|Summary:||Interior: Peleus and Thetis. Side A: youths and boys. Side B: youths and girls.|
|Ware:||Attic Red Figure|
|Painter:||Signed by Peithinos|
|Date:||ca. 500 BC|
H. 13.0 cm., d. 34.0 cm.
The kylix is in good condition, although two of the figures on side B have suffered from encrustation and discoloration.
Interior: Peleus and Thetis. Peleus struggles with Thetis. Peleus has captured Thetis in mid-stride. In a crouch, he has locked his arms around her waist from behind (his locked hands stylized to form a meander). Thetis' transformative response is seen in the snakes wrapped around her and Peleus' arms and Peleus' leg, and the small lion just released from her right hand. Peleus is wearing a short chiton decorated with small crosses and an ankle band, and a sheathed sword hangs at his waist. His hair is worn in rows of curls over his forehead (painted in added white), with the straight, long hair in back flipped up and held it in place with a thin, black fillet. Thetis wears a long chiton decorated with small crosses, a mantle with dot-rosettes, a hairband decorated with a meander, armbands and round earrings. She holds another garment in her left hand. Side A: youths and boys. Four couples court and one youth stands alone. On the far left stands a youth in a mantle leaning on a staff, head down and one hand on his hip. At right, the first couple exchange gifts. The boy places an apple in his lover's hand, two others still held in the palm of his left hand. The youth places a hand on the back of the boy's head, drawing him into an embrace. The end of his staff is visible behind the boy's feet. The couple in the center of side A are shown in a more advanced stage of courtship. The youth holds the boy in a close embrace and touches his genitals. The boy holds onto the youth's arm and lifts his face to gaze into his eyes. The youth still holds his staff in one hand. The boy holds an aryballos on a leather strap. The couple second from the right is in a similar stage of courtship. The boy is held in an embrace and grips the arm of his lover. The youth is crouching, knees bent, to bring his genitals close to the boy's. He holds a staff in his left hand. The fourth couple, on the far right, stand close to one another. The youth, holding his staff behind him in his left hand, has placed his right hand behind the boy's head, who in turn grips the youth's arm. All are wearing mantles which are either open to show their bodies or are transparent. The boys are barefoot and the youths wear sandals. Aryballoi, sponges and strigils hang on the wall in the spaces between each of the couples. Side B: youths and girls. Three couples court. On the left, a youth wrapped lightly in a mantle and leaning on his staff is approached by a girl who raises her hand in greeting. The girls wears chiton, mantle, a fillet and earrings. In the center of side B a second youth stands leaning on his staff, one hand on his hip and his head tipped down. He is approached by a girl who offers him an apple. The youth wears a transparent mantle and the girl a chiton, mantle, sakkos and earrings. On the right a youth and girl converse. He leans on his staff, one hand on his hip. She gestures with her left hand and lifts one corner of her chiton with her right. He wears a transparent mantle, she a chiton, mantle, meander-decorated hair band and round earrings. The girls are barefoot and the youths wear sandals. Under one handle is a lion-footed stool covered with a lion pelt, under the other is a dog.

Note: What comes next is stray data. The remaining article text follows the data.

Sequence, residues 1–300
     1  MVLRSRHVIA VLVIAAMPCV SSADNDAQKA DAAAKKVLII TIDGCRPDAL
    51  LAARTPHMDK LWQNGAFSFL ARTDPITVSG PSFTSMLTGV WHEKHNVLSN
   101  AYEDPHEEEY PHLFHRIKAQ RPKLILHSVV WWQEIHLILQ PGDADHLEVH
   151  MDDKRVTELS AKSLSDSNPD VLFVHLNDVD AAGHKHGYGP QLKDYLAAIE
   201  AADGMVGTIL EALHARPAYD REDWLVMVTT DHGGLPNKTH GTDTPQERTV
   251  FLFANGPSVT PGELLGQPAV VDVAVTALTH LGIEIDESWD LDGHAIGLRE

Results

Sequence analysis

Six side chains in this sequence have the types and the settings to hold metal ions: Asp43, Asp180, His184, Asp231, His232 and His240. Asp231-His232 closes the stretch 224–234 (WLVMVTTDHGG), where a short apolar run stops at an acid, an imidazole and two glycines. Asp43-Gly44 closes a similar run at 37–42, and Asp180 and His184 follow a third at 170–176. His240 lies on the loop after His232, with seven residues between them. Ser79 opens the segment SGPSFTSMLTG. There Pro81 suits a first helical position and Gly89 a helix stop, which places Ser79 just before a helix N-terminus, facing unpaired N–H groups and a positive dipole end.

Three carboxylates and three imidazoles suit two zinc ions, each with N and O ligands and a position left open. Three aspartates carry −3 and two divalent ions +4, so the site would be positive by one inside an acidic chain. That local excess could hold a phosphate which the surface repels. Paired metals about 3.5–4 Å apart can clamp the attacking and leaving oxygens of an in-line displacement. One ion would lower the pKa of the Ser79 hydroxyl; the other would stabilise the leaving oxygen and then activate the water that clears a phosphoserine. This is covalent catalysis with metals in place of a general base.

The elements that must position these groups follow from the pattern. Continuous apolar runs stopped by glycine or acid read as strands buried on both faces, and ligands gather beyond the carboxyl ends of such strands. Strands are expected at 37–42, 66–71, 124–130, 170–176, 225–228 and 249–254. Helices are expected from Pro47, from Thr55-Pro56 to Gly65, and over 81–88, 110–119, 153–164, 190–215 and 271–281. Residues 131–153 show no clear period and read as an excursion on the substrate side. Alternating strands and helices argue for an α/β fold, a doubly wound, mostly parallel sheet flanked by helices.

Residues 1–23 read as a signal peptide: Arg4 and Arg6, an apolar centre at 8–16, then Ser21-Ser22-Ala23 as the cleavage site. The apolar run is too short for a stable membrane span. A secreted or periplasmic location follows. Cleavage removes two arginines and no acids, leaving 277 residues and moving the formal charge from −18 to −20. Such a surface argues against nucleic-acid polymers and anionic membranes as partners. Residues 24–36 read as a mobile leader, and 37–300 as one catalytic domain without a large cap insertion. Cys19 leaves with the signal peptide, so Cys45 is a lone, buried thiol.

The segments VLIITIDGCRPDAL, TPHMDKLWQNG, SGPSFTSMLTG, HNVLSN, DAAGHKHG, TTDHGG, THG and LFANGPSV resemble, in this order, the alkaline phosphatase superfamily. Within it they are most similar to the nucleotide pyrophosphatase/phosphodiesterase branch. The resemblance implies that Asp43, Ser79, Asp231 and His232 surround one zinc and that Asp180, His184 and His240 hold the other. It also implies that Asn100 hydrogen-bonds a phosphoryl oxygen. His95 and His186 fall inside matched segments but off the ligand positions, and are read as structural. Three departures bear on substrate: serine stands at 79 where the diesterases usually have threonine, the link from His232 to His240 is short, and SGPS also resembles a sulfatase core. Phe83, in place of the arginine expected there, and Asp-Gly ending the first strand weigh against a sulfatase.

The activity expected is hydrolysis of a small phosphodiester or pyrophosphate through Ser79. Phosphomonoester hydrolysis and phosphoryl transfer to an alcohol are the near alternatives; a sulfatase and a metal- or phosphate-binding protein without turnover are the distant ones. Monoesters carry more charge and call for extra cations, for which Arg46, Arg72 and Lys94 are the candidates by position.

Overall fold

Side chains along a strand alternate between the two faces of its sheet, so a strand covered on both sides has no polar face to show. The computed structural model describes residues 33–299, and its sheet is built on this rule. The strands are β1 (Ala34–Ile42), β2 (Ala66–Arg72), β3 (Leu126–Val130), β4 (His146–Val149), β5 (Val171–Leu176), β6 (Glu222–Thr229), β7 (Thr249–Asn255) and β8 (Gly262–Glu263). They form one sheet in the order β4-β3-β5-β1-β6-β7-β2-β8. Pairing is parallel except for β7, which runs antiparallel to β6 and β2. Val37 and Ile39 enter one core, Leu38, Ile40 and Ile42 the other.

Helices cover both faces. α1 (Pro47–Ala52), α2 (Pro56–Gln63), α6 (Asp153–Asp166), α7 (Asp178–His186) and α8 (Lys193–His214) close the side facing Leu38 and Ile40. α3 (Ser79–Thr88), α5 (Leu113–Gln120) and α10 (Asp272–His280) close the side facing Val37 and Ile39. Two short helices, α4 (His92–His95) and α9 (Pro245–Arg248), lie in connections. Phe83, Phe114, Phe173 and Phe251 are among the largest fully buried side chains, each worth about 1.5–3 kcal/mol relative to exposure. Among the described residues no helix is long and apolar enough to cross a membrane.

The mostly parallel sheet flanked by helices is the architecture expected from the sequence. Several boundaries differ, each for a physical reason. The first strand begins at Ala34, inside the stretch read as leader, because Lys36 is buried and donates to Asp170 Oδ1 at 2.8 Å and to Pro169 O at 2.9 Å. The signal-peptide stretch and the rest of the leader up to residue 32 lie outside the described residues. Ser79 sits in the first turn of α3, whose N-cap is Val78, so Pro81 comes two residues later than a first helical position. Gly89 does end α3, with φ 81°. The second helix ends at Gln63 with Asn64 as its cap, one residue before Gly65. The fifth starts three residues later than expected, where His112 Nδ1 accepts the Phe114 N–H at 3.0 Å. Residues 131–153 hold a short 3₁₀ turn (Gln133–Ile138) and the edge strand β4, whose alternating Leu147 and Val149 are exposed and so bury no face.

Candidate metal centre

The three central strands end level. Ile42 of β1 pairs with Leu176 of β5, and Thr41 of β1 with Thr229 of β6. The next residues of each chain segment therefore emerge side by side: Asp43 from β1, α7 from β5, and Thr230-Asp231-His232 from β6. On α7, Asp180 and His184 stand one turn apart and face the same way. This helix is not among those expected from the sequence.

For the shape see Bloesch 54.
Written in red on the interior of the cup is the inscription:
The vase was acquired through v. Bunsen by Companari in 1833 in Rome.